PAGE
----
Telegraph calls No10 site 'a technical mess'

Last night, the Telegraph published a piece by their head of audience development, Julian Sambles accusing the Downing Street website of being ‘a technical mess’. This damning conclusion was based on the following criticisms:

  • It wasn’t in the top search results for a few randomly-selected Budget-related search terms.
  • It doesn’t have a ‘link canonical’ tag in its code header.
  • It has a pretty curious set of ‘meta keywords’ – including ‘piercings’, ‘tattoos’ and ‘polish armed forces’. (Update: apparently not random at all – see comment below.)
  • The page templates aren’t especially well structured for SEO purposes.
  • It has inconsistent names on various external sites like Twitter, YouTube and Flickr.

None of which, in my mind, constitute a ‘technical mess’. So it’s interesting to see, this morning, that the headline has been watered down, to mock the keyword selection.
Some of the criticisms are valid. The site could do a few simple things to improve its SEO standing, probably taking barely a few minutes. And yes, I have trouble remembering which specific configuration of ‘downing’ and ‘st(reet)’ it uses to make up its various usernames. But some of the accusations are way over the top, and some don’t stand up at all.
The ‘meta keywords’ criticism, for example. In the old days, search engines respected the keywords you entered in your page header as a guide to the page’s substance. But then people, possibly working in the field of ‘audience development’, began abusing them. So what does Google, with 90% of the UK search market, think about meta keywords?
Let’s ask Google’s Matt Cutts, shall we?
His answer: they don’t use it. ‘Basically not at all… Even in the least little bit.’ Not worth spending much time on then, I’d say.
And then there’s the failure to rank highly for certain budget-related search terms. But would you want or expect Number10 to be a high-ranking result, when it has very little material on the subject – and isn’t the ‘lead site’ on the subject, from either a policy (HM Treasury) or a citizen-facing (Directgov) perspective?
If you search Google right now for ‘budget’, you’ll get both HMT and DG in the top few results. That’s the appropriate outcome.
I’m not saying there aren’t improvements I’d want to make to the Number10 site. As regular readers may know, I contributed some advice in the early days of their migration to WordPress – but I didn’t have any hands-on involvement in the build itself. If I had, for the record, certain things would have been done differently.
PS: Thankfully, someone at the Telegraph saw sense, and dropped the ‘technical mess’ line. Otherwise I’d be forced to point out that their article page scores 88 HTML validation errors in the W3C checker, compared to the Number10 homepage’s zero.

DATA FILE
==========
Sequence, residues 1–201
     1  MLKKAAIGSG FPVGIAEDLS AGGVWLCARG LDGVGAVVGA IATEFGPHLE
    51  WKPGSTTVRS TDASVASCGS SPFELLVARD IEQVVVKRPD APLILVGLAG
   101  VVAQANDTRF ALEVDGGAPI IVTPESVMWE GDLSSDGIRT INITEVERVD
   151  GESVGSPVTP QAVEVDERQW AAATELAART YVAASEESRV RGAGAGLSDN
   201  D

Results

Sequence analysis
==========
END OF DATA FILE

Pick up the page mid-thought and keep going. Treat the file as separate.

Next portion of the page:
5 thoughts on “Telegraph calls No10 site 'a technical mess'”

  1. Good on you Simon! I must admit I was waiting for your response after reading the Telegraph article. I was reading it thinking: ‘those who live in glass houses…’
    Sure the No.10 site isn’t technically perfect, but I don’t think I’ve ever seen one that is. It’s certainly better than most. There are so many positive angles to the Downing Street site story. They could have focussed on the adoption of open source and cost effective techs or the genuine use of social media. But why try and be positive and constructive when they can have a quick rant.
    By the way: avid reader of the blog. Great stuff.

  2. I am not an expert. But I knew google doesn’t bother with keywords. I do a few amateur sites and blogs, as a volunteer for a community. Presumably the person who does the No10 site gets paid? If so, that person should know a lot more than I do, or maybe the tattoos were put in as a joke? there are some wits about.
    I agree with previous comment, no such thing as a SEO expert, the real experts are just out there doing it. You only become an ‘expert’ or a consultant if you can’t earn your living using/doing your chosen subject. 😉

  3. I’ve been in touch with one of my No10 sources – always wanted to say that 🙂 – and in fact, the meta keywords quoted by the Telegraph weren’t quite as random as they might have seemed.
    They are derived automatically from the tags used on the site’s latest posts: which, in this case, happened to be petition responses. And if you look down the page, you’ll see – yes, responses to people with specific concerns about tattoo and piercing equipment.
    You know what? That’s actually a pretty smart way to manage your meta keyword tags. It ensures they stay current, without taking up any specific extra effort. Good on them.
    There are some very good people who are, or have been, working on the No10 site. Names you’ll probably know and respect if you read this blog. To reassure cyberdoyle, yes, they do know their stuff.

  4. heck, that’s well smart! didn’t know you could do that…
    Reassuring to know that good people are working on it, should have known better than to believe a newspaper article. doh.

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